Historic Note: On 18 December 1873, with three of his gamekeepers and a stable boy, Sir James sailed to the island of Inch Lonaig to hunt red deer with the intent of providing Christmas fare for his tenants and friends. On his return a sudden storm swamped the heavily loaded boat and all on board perished. They drowned in Loch Lomond within earshot of Rossdhu, the home of the Chiefs of Clan Colquhoun. Sadly, the cries for help were believed to be joyous boating cheers.
Carberry Woodlands is a few miles east of Edinburgh in the region of East Lothian. A marker laid in 2004 by the Marie Stuart Society relates the power struggle in Scotland in the 16th century.
M.R. / 1567 / At This Spot / Mary / Queen Of Scots / After The Escape Of / Bothwell / Mounted Her Horse / And Surrendered / Herself To / The Confederate / Lords / 15 June 1567
The marriage of Mary, Queen of Scots to James Hepburn, 4th Earl of Bothwell was an unpopular union with the Lords of Scotland who believed that Bothwell had murdered her previous husband, Lord Darnley. Although acquitted of the charge the Lords felt that Bothwell had too much power over Mary and attempted to break this influence.
In 1567 Mary and Bothwell set out from Dunbar with their army. They met the army of the confederate Lords at Carberry Hill on June 15th where Mary was forced to surrender under promise of Bothwell’s safe conduct to Dunbar and eventually to exile. The rebel Lords imprisoned Queen Mary in Edinburgh Castle then Lochleven Castle.
Eilidh Marsali Macfarlane-Barrow, as the eldest of six children of Reverend James Humphrey Copner Macfarlane-Barrow and Alice Maie Campbell-Orde, is listed in a genealogical survey of the peerage of Britain. Born on 31 July 1919, she died unmarried on 24 August 1968 at age 49.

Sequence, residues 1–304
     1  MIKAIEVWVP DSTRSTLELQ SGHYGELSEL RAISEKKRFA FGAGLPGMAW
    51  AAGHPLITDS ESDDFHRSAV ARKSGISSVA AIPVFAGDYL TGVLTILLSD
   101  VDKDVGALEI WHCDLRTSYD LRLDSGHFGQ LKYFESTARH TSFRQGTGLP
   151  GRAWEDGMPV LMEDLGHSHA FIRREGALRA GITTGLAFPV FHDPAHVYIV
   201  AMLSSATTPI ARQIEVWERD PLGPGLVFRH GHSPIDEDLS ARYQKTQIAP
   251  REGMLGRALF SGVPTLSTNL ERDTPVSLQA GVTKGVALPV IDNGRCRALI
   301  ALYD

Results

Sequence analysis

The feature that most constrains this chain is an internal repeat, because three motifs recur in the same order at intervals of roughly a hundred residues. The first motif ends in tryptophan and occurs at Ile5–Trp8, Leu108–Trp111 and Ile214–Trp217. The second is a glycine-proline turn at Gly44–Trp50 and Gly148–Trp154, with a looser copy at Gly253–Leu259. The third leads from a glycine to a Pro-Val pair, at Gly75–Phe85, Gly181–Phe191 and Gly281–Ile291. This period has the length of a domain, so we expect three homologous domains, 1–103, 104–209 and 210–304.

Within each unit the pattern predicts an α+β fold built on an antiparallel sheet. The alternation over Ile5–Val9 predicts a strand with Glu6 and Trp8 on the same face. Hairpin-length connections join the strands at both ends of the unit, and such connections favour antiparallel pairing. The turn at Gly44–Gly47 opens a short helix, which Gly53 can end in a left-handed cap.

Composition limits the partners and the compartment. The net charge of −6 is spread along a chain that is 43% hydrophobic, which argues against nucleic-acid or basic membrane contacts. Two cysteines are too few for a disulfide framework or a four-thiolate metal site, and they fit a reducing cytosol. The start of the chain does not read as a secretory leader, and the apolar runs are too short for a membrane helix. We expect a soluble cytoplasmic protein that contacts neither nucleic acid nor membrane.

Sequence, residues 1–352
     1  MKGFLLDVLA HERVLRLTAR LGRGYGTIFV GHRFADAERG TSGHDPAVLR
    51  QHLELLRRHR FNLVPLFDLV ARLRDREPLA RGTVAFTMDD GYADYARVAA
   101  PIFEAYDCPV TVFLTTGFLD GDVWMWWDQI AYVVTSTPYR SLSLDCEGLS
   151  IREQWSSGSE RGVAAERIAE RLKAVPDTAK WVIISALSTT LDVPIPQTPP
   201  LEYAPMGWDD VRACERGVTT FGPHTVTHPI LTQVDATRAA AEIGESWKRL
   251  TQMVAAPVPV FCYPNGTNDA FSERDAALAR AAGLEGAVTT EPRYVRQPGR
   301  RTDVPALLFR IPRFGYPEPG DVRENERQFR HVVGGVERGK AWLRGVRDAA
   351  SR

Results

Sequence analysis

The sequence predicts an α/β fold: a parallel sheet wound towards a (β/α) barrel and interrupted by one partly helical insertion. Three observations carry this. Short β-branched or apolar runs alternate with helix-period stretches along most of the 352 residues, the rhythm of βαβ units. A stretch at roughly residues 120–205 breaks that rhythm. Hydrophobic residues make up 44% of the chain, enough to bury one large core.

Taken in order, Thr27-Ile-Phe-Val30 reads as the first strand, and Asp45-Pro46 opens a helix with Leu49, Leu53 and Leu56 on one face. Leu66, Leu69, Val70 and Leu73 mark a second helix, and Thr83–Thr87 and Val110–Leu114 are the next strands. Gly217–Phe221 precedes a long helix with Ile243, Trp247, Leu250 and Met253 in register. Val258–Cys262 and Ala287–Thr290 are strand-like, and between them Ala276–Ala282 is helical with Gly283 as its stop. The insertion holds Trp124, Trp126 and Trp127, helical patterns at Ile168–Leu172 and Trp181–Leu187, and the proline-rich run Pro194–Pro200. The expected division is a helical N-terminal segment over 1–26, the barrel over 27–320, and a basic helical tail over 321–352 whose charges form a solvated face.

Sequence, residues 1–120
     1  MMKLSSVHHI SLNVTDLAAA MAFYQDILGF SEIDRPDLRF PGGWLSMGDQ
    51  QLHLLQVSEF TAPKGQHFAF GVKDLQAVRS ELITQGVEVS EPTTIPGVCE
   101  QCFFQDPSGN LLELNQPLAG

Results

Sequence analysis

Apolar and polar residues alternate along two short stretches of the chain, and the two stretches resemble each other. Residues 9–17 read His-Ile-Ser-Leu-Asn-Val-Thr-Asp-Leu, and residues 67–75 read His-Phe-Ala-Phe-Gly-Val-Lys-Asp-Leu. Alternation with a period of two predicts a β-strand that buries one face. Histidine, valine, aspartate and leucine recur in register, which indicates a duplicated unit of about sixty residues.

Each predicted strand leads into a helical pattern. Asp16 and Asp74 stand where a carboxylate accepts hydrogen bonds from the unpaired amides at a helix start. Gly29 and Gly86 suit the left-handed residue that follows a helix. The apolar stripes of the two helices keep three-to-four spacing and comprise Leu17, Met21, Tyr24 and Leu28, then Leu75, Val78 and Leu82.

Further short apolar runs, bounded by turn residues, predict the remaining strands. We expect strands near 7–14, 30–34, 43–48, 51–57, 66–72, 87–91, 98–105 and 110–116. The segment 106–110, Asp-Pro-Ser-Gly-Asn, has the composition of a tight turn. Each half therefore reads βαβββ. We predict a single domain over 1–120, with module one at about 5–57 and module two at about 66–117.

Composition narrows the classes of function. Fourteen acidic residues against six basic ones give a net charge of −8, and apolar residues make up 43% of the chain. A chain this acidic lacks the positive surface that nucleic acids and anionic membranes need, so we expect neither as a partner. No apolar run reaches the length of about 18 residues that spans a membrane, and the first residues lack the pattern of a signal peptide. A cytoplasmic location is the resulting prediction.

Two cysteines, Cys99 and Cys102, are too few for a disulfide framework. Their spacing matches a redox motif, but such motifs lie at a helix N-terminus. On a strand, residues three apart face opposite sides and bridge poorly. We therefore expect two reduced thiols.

Her stone marker is situated in a small graveyard in the grounds of St. Joseph’s Hospital, Rosewell, Midlothian, Scotland.
Pray for the soul of Marsali Eilidh Macfarlane-Barrow Born 31-7-1919 at Lochgilphead Died 22-9-1968 at Rosewell Our loving sister whose life on earth Was one of innocence and simplicity So kindly cared for by the devoted Sisters at St. Joseph’s Rosewell May the power and majesty of the Lord Enliven her soul for all eternity in The kingdom of Heaven. Cloir do dhia anns ma h-ardaibh RIP Erected by her brothers – 1998
*Translation of the Gaelic phrase is Worship your god in Heaven
St Joseph’s Hospital was a custodial institution established in 1924 by the Daughters of Charity (Roman Catholic nuns). The institution catered to children and adults with learning disabilities until it was closed in 1999. The nuns who operated under the banner of St. Vincent de Paul Society are currently being investigated for the abuse of patients in their care.